The value of the British pound may have gone down following “Brexit,” but the number of reported hate crimes have gone up. As of June 29th, a week after the polls closed, those numbers were up 57% across the country. Britain has long had problems with racism and xenophobia, but just like in the United States, those problems have long seemed less than they are, and just like in the United States, a xenophobic political campaign not only cast more light on those problems, but emboldened hate-filled people to make their voices heard.
Much of the campaign to get people to vote leave at the polls was built on xenophobia, specifically that immigrants were to blame for the UK’s problems. Those claims are unfounded, as such claims always are, but they worked, and by a slim margin the people of the United Kingdom voted to leave the European Union.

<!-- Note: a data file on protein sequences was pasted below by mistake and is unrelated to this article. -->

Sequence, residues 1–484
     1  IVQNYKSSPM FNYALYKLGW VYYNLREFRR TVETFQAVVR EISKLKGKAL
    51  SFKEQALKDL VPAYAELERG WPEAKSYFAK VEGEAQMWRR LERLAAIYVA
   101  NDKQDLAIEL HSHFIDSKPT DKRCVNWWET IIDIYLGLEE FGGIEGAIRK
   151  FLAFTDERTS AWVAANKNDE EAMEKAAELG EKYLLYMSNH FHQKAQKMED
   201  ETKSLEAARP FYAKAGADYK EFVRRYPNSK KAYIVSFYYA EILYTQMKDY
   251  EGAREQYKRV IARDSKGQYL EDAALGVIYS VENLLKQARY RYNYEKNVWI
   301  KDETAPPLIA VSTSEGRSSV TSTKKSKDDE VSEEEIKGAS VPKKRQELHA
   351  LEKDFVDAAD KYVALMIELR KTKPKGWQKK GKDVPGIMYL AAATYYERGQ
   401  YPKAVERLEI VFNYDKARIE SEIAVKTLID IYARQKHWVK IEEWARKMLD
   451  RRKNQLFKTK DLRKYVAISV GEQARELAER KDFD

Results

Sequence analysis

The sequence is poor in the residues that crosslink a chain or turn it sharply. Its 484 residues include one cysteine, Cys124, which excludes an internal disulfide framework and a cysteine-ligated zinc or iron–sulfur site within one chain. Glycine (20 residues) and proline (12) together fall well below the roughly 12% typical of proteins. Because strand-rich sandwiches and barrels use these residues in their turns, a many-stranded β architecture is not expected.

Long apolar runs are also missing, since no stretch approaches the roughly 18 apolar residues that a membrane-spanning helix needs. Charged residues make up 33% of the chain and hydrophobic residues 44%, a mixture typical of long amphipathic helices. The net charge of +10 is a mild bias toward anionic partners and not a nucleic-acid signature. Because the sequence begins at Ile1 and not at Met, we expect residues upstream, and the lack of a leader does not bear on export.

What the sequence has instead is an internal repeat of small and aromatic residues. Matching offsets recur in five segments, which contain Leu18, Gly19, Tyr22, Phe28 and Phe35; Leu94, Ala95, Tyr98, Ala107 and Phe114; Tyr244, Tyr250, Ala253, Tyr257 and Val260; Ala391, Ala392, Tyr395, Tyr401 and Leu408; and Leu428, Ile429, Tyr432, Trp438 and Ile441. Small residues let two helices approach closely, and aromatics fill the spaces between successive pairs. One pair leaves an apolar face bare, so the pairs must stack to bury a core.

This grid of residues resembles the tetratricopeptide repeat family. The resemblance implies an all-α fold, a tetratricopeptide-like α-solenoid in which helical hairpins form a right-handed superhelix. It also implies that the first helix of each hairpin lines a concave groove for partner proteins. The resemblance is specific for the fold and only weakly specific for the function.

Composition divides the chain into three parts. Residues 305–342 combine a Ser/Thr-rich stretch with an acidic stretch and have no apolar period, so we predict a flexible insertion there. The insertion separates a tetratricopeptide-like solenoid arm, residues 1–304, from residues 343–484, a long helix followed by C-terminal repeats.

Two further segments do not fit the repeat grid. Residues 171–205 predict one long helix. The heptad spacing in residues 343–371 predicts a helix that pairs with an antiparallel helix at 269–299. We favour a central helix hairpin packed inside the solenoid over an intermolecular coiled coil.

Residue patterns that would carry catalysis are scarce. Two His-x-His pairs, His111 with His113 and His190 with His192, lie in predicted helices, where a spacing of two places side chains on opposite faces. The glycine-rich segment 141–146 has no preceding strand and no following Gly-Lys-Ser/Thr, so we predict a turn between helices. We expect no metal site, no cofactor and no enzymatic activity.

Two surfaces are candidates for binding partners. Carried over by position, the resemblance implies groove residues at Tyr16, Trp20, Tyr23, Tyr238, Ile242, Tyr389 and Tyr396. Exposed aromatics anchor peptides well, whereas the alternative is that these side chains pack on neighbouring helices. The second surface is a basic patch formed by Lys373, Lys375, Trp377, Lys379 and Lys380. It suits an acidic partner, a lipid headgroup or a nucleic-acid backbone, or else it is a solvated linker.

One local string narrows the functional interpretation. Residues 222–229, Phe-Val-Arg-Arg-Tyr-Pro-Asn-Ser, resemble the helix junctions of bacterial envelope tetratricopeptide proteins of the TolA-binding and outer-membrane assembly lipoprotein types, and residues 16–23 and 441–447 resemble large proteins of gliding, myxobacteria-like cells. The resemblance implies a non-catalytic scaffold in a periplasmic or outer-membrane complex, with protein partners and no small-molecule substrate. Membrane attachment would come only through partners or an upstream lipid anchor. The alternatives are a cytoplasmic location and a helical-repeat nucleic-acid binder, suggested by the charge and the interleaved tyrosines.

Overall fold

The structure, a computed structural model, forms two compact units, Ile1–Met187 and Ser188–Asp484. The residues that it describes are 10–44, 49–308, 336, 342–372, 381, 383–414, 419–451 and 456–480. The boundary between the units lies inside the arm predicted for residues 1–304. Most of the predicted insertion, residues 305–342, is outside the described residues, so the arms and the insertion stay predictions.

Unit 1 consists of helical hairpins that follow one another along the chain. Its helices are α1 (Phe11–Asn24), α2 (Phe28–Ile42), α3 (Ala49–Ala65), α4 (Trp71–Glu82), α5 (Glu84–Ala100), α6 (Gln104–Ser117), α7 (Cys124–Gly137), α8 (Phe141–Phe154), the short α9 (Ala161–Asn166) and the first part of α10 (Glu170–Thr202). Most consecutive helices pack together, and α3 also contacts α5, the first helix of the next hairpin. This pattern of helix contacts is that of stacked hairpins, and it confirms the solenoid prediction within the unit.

And not surprisingly, even before the polls were closed, people were telling “foreigners” to get out. The United Kingdom has a diverse population, and many people of color were born and raised there, for generations even, but that doesn’t matter to racists. Logic and reality never do. And the attacks aren’t limited to people of color either. Polish people make up the largest group of EU immigrants living in the UK, and they have faced a lot of hate speech since the vote.
Parliament has decried the actions across the board, and Prime Minister David Cameron has introduced plans to increase the reporting of hate crimes and the enforcement of hate crime laws. He maintains that this isn’t what Britain does, but that’s not entirely true, since it’s obviously happening in Britain. But Cameron and others are trying to respond to a problem that many expected following the vote, but perhaps not at this scale.